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Opinions Oct. 11, 2012

October 11, 2012
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7th Circuit Court of Appeals
Edward Jeroski, doing business as USA Cleaning Service and Building Maintenance v. Federal Mine Safety and Health Review Commission and U.S. Secretary of Labor
11-3687
Agency review. Denies USA Cleaning’s petition to review the order of the Federal Mine Safety and Health Review Commission, which affirmed the denial of an application for attorney fees under the Equal Access to Justice Act. The meaning of “prevailing party” under the act does not apply to USA Cleaning, which was the subject of an order by the Federal Mine Safety and Health Administration that was later dropped.

Indiana Supreme Court and Tax Court posted no opinions at IL deadline.

Indiana Court of Appeals

William A. Boyd and Janice Ann Boyd v. State of Indiana
28A01-1203-PL-108
Civil plenary. Affirms the state’s taking of the Boyds’ property for use in constructing Interstate-69 in southwest Indiana. None of the Boyds’ claims are reviewable in eminent domain proceedings.

David E. Lyons v. State of Indiana
76A03-1112-CR-582
Criminal. Affirms convictions of five counts of Class A felony child molesting. The requirements of Evidence Rule 702 were satisfied and the admission of Dr. Judith Williams’ testimony did not constitute error or a fundamental error.

Andrew Machi v. State of Indiana (NFP)
36A04-1203-CR-166
Criminal. Affirms revocation of probation.

Daniel Crabtree v. State of Indiana (NFP)
15A01-1203-CR-131
Criminal. Affirms sentence imposed after Crabtree’s probation for Class C felony child molesting was revoked.

Matthew Bryant v. State of Indiana (NFP)
03A01-1110-CR-496
Criminal. Reduces Bryant’s conviction of Class C felony battery to a Class B misdemeanor and remands for resentencing, which will have no effect on his aggregate 93-year sentence. Affirms remaining convictions of Class A felony burglary, two counts of Class B felony criminal confinement, and two counts of Class C felony intimidation.

Shellie P. App v. William App, Jr. (NFP)
67A01-1203-DR-99
Domestic relation. Finds trial court erred by entering a post-secondary educational expense order in the absence of a worksheet or its own findings and conclusions and by failing to specify which parent should claim the child as a dependent for tax purposes. Affirms in all other respects. Remands with instructions.

John Tompkins v. State of Indiana (NFP)
49A04-1111-CR-690
Criminal. Affirms conviction of Class A felony burglary and status as a habitual offender.
 

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  1. I have dealt with more than a few I-465 moat-protected government attorneys and even judges who just cannot seem to wrap their heads around the core of this 800 year old document. I guess monarchial privileges and powers corrupt still ..... from an academic website on this fantastic "treaty" between the King and the people ... "Enduring Principles of Liberty Magna Carta was written by a group of 13th-century barons to protect their rights and property against a tyrannical king. There are two principles expressed in Magna Carta that resonate to this day: "No freeman shall be taken, imprisoned, disseised, outlawed, banished, or in any way destroyed, nor will We proceed against or prosecute him, except by the lawful judgment of his peers or by the law of the land." "To no one will We sell, to no one will We deny or delay, right or justice." Inspiration for Americans During the American Revolution, Magna Carta served to inspire and justify action in liberty’s defense. The colonists believed they were entitled to the same rights as Englishmen, rights guaranteed in Magna Carta. They embedded those rights into the laws of their states and later into the Constitution and Bill of Rights. The Fifth Amendment to the Constitution ("no person shall . . . be deprived of life, liberty, or property, without due process of law.") is a direct descendent of Magna Carta's guarantee of proceedings according to the "law of the land." http://www.archives.gov/exhibits/featured_documents/magna_carta/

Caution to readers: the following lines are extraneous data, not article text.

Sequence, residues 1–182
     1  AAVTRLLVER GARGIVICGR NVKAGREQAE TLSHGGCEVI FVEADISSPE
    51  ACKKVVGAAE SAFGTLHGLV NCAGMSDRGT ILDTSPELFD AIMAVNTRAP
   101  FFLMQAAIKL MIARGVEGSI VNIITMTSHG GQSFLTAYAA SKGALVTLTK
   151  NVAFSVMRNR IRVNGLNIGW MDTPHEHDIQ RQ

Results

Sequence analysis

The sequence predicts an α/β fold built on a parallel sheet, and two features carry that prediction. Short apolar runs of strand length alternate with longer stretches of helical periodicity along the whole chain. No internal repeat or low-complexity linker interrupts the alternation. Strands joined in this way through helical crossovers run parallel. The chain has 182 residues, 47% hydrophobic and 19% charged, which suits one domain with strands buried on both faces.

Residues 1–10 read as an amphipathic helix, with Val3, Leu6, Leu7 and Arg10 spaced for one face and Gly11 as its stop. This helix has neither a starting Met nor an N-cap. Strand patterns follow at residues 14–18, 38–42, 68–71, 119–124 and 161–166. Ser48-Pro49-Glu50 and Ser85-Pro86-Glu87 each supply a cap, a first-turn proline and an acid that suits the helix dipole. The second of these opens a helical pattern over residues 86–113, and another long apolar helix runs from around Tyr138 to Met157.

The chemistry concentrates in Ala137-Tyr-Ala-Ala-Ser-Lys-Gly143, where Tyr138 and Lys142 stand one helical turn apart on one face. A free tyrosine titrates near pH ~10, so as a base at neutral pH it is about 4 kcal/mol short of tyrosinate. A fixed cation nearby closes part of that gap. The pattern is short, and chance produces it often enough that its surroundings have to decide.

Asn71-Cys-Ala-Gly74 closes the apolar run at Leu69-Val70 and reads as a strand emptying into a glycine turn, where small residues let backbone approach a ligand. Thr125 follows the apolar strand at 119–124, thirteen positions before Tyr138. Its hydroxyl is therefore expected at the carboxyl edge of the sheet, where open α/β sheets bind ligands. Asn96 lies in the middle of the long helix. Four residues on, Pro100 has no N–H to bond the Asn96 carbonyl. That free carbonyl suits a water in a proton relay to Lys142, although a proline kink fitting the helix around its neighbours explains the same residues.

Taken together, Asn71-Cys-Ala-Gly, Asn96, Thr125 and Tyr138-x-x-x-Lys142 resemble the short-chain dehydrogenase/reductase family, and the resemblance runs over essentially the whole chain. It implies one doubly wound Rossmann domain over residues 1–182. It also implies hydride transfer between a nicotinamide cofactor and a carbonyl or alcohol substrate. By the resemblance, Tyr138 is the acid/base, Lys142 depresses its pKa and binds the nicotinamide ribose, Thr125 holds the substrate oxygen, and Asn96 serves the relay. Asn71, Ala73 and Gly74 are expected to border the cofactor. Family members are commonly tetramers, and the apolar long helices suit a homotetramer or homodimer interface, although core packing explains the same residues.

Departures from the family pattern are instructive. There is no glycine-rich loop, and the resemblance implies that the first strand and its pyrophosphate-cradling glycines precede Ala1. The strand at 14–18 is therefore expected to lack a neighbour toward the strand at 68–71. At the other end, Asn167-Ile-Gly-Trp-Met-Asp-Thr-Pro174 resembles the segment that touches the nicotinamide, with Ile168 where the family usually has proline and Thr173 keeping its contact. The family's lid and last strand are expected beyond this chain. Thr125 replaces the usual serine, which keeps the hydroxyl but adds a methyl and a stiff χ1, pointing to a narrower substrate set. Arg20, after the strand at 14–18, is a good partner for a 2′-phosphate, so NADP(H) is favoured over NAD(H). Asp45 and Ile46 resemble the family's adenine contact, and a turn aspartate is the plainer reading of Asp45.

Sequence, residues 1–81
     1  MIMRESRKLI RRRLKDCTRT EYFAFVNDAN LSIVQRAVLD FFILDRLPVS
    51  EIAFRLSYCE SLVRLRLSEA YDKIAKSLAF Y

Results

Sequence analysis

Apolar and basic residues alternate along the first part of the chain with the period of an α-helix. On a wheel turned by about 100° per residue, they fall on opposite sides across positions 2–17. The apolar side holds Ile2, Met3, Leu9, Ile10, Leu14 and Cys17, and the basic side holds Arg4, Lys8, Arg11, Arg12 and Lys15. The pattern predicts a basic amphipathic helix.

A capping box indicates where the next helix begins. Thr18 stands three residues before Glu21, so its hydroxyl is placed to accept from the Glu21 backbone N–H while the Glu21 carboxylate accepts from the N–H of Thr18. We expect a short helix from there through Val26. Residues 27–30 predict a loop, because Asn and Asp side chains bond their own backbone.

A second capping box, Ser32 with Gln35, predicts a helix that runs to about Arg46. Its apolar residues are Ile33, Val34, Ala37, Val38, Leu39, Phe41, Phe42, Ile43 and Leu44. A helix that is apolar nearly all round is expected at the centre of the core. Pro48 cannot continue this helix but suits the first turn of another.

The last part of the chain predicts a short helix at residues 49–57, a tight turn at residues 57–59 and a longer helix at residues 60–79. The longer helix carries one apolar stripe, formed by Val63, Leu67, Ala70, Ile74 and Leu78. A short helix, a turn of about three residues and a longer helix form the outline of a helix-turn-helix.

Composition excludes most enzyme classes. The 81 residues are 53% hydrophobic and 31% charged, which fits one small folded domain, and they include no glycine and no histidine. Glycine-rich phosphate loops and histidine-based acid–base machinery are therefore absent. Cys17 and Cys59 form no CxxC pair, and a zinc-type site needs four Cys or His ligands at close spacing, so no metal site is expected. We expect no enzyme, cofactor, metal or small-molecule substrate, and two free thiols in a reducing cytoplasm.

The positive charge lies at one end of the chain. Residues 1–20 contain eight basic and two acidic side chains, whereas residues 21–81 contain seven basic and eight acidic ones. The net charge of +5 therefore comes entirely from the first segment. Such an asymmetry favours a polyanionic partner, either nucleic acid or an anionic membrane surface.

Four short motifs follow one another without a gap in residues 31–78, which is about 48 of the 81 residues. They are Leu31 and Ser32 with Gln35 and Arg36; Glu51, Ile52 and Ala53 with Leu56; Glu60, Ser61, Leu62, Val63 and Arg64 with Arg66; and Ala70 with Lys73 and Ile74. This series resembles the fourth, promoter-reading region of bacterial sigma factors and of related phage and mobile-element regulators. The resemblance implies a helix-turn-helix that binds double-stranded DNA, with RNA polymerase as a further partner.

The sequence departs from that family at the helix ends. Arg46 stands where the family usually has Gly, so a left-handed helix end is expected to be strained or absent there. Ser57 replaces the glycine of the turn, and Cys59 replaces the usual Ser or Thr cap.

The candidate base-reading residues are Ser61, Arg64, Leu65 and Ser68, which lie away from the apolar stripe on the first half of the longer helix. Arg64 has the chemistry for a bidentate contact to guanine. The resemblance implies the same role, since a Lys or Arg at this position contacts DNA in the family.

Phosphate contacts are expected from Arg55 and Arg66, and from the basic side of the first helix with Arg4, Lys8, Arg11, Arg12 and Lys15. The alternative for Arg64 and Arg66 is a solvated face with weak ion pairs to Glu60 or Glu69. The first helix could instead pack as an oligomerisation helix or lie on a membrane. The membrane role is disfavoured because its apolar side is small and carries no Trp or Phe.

2. I'm not sure what's more depressing: the fact that people would pay $35,000 per year to attend an unaccredited law school, or the fact that the same people "are hanging in there and willing to follow the dean’s lead in going forward" after the same school fails to gain accreditation, rendering their $70,000 and counting education worthless. Maybe it's a good thing these people can't sit for the bar.

  3. Such is not uncommon on law school startups. Students and faculty should tap Bruce Green, city attorney of Lufkin, Texas. He led a group of studnets and faculty and sued the ABA as a law student. He knows the ropes, has advised other law school startups. Very astute and principled attorney of unpopular clients, at least in his past, before Lufkin tapped him to run their show.

  4. Not that having the appellate records on Odyssey won't be welcome or useful, but I would rather they first bring in the stray counties that aren't yet connected on the trial court level.

  5. Aristotle said 350 bc: "The most hated sort, and with the greatest reason, is usury, which makes a gain out of money itself, and not from the natural object of it. For money was intended to be used in exchange, but not to increase at interest. And this term interest, which means the birth of money from money, is applied to the breeding of money because the offspring resembles the parent. Wherefore of an modes of getting wealth this is the most unnatural.

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